Monday, 21 March 2016

Top 10 Nu-Metal Songs

(Pic : The Guardian)

I've already done hair metal, so it's probably worth coming to another of the much-maligned heavy metal subgenres.

Firstly, it's hard to tell what nu-metal actually is/was. It emerged in the mid-1990s and early-00s with some general stylistic themes : "angsty" lyrics (which probably ended up influencing emo), use of instruments other than guitars and drums – particularly turntables – wider variety of vocal styles (even within the same song) and most bands usually have/had some sort of "gimmick" (masks, face paint, OTT hairstyles, uniforms etc.)

It was very much a fusion of different styles in the post-grunge fallout. However, it lacked the hard edge and authenticity of thrash metal and death metal, was probably too white male driven to be taken seriously as street/urban music and lacked the sincerity/DIY ethic of grunge. As a result it's become the unwanted stepchild of the metal scene.

Not wanting to look back with rose-tinted glasses but that's probably unfair. Most of it was utter dross, granted; I always called it "wrestling metal" because it always seemed to feature in wrestling promos. There will be no Limp Bizkit, Linkin Park, Papa Roach, Puddle of Mudd, Staind etc. here. That's because they're all shite. I've never liked System of a Down either – though I won't lump them in with that lot.

Many of the bands were highly experimental and not afraid to try new things. It also acted as a gateway to some of the harder/"better"/classic stuff and it paved the way for things like the Gothenburg sound, djent (you can definitely hear nu-metal influence in Meshuggah) and modern progressive metal.

10. Anthrax & Public Enemy – Bring The Noise

Two of the most maligned genres of music – metal and hip hop – collide. Probably the leading candidate for "first nu-metal" song (I don't think Walk this Way counts), though groups like Faith no More, Cypress Hill and Rage Against The Machine also have a claim to it. It works....too well....and although it was probably done as a laugh you can see why it inspired all the bands that came later.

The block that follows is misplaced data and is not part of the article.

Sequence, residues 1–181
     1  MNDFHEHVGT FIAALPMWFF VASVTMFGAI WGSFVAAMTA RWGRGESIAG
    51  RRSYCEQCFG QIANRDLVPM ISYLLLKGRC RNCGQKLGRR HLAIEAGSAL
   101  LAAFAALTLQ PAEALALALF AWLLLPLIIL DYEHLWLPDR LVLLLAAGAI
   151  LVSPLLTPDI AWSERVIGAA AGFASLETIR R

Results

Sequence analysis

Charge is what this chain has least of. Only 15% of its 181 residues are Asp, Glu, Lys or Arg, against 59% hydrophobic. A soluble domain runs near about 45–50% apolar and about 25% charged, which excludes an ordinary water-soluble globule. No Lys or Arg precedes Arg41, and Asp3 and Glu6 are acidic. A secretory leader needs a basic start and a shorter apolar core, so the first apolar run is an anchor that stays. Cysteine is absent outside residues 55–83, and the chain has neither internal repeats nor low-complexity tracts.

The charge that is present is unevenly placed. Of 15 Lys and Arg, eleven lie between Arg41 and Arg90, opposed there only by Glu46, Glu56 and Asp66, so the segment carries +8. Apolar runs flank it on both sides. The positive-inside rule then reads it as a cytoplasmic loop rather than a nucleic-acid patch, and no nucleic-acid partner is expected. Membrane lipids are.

9. Raging Speedhorn – Thumper

There were very few nu-metal bands from this side of the Atlantic, it was mainly an American thing; though some Welsh bands did become big names in the (somewhat related) metalcore scene. This one seemed to get constant airplay back in the day.

8. Kabbage Boy – Girlfriend

This one probably doesn't belong here as it's from the game BrĂ¼tal Legend, but it's a perfect send-up of nu-metal tropes – though Ben Folds also deserves a mention for Rockin' the Suburbs. It takes a stab a the plethora of crap post-grunge bands like Nickelback and Creed, though this also sounds like a piss take of Incubus and Linkin Park. So bad it's good.

7. Rage Against The Machine – Sleep Now In The Fire

I'll admit that I've never really liked RATM, but I respect them – particularly Tom Morello, who's one of the more influential guitarists of the last 30 years or so. There's something ironic about being lectured in anti-capitalism by a band signed to a Sony-affiliated label, but I suppose that's the only way they could get their message out, and it's probably a better tactic than living out of a van or in a commune like Crass.

6. Fear Factory – Linchpin

Fear Factory : the band that puts the "heavy" in heavy metal. This one sounds more industrial-inspired than hip hop and show a willingness to experiment with some vocal programming – which almost doesn't work, but somehow does. CAT GIVE ME A PAAAAW! CAT GIVE ME A PAAAAW! NO, YOU CAT!

5. Mudvayne – Dig

If Sesame Street parodied a metal band, it would probably look and sound like (the old) Mudvayne.
I can't understand a word of it, but it's pretty intense (with a cameo by the Seinfeld jingle thing) and, like all good metal, makes you want to punch a bear in the face. It actually takes great technical skill to pull this off but, yeah, it's no surprise they ditched the face paint eventually.

4. Sepultura – Roots Bloody Roots

The Roots album incorporated elements from traditional Brazilian folk music, but split fans with many considering it a "sell-out", and other shailing it as one of the best albums of the 1990s. This has an almost hypnotic groove and riff to it. Sepultura dropped off a cliff when Max and Igor Cavalera left, but I don't know if it's great or sad to see them playing tiny venues nowadays – something that seems to have happened to a lot of nu-metal bands.

3. Deftones – Be Quiet & Drive (Far Away)

Deftones are one of the few bands to actually come out of this with any serious critical acclaim – probably because they never 100% fit the nu-metal label in the first place and are normally lumped in with it because they appeared at the same time. They're so head and shoulders above most of the bands here this could easily have been a list of 10 Deftones songs. Definite shoegaze vibe with this one, but it doesn't lose the metalness. Pretty decent acoustic version too.

2. Korn – Blind

Before they turned the whiny angst up to 11 and achieved more success, Korn used to be a decent band. Blind defined what nu-metal would eventually sound like.